Most homeowners do cursory leak inspections. They make sure faucets aren't dripping, that the cabinets beneath a sink are dry, and that water isn't puddling around the tap handles. One place they often don't consider checking for leaks, though, is in the walls. Considering that the bulk of your plumbing pipes and water supply lines run through your walls or beneath the house in the basement or crawlspace, this is a major oversight that can result in extensive damage in the event a leak does occur. The following can help you remain alert to the signs of a pipe leak in the walls.
High water usage
Leaks in a water supply line are usually the easiest to catch early, simply because you will typically show higher water usage and receive a larger than normal water bill. You can also check your meter regularly to make sure your house isn't hemorrhaging water somewhere. To do this, shut off all the water in the house, including the supply to appliances like ice makers or swamp coolers. Then go look at the water meter. If the meter is still ticking away, then water is running somewhere. This could mean a leak, so it is a good idea to call in a plumber to have a full inspection done before the issue becomes more severe.
Mold, mildew, and must
A musty odor means there is moisture somewhere in the house. Follow your nose to see if you can find the culprit. If it is because of a water leak in your walls, you should sniff around areas where you know the pipes run, such as in the rooms that back up to a kitchen, bathroom, or utility room. Open closets and lift rugs, where possible, to look for signs of mildew or mold growth. You may find small black dots along baseboards, a musty smelling "dust" in carpets, or dark discolorations on walls if a water leak has lead to mold and mildew. Your plumber can cut out the damage and repair the leak. Then you can have the wallboard or carpeting replaced.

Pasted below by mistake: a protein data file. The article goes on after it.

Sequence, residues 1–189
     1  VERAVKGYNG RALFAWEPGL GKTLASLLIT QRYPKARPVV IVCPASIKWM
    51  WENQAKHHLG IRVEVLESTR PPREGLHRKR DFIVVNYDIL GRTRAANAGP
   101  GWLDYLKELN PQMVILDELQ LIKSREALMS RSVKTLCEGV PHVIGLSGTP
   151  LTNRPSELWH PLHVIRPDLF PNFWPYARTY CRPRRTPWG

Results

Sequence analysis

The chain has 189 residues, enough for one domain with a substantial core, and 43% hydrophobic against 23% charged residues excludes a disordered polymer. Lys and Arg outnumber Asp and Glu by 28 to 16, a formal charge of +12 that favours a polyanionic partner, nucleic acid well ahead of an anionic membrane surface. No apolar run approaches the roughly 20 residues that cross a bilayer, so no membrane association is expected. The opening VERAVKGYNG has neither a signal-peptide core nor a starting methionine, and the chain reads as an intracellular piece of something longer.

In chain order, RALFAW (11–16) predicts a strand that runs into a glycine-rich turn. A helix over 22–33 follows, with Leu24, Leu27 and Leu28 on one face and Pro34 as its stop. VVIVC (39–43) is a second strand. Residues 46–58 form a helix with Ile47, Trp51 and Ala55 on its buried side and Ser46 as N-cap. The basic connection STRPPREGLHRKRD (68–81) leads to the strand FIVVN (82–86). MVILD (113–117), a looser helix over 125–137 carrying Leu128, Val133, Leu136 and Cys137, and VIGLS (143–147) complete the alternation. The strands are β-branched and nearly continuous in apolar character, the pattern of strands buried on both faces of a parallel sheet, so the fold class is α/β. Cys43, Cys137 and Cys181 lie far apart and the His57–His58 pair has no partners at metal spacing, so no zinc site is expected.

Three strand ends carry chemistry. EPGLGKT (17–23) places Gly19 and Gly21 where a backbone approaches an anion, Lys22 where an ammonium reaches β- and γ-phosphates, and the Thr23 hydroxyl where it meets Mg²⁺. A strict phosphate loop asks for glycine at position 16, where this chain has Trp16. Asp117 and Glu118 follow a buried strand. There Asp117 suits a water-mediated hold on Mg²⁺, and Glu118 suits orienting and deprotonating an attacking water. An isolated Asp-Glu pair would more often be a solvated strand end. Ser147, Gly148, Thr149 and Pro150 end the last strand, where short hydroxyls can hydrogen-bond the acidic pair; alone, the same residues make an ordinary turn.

Modern latex paints create a plastic-like coating on walls and ceilings. When water leaks behind these wallboards, the drywall itself may become mushy, but the paint holds it all together for a while. Instead of dissolving, the water trapped behind the paint causes the paint to develop bubbles. If a bubble does pop, moisture will dribble out, and the paint may begin to peel off in big sheets. If you notice bubbling paint anywhere in your home, assume water is to blame and that you have a leak that needs to be repaired.
Contact plumbing services in your area for more help.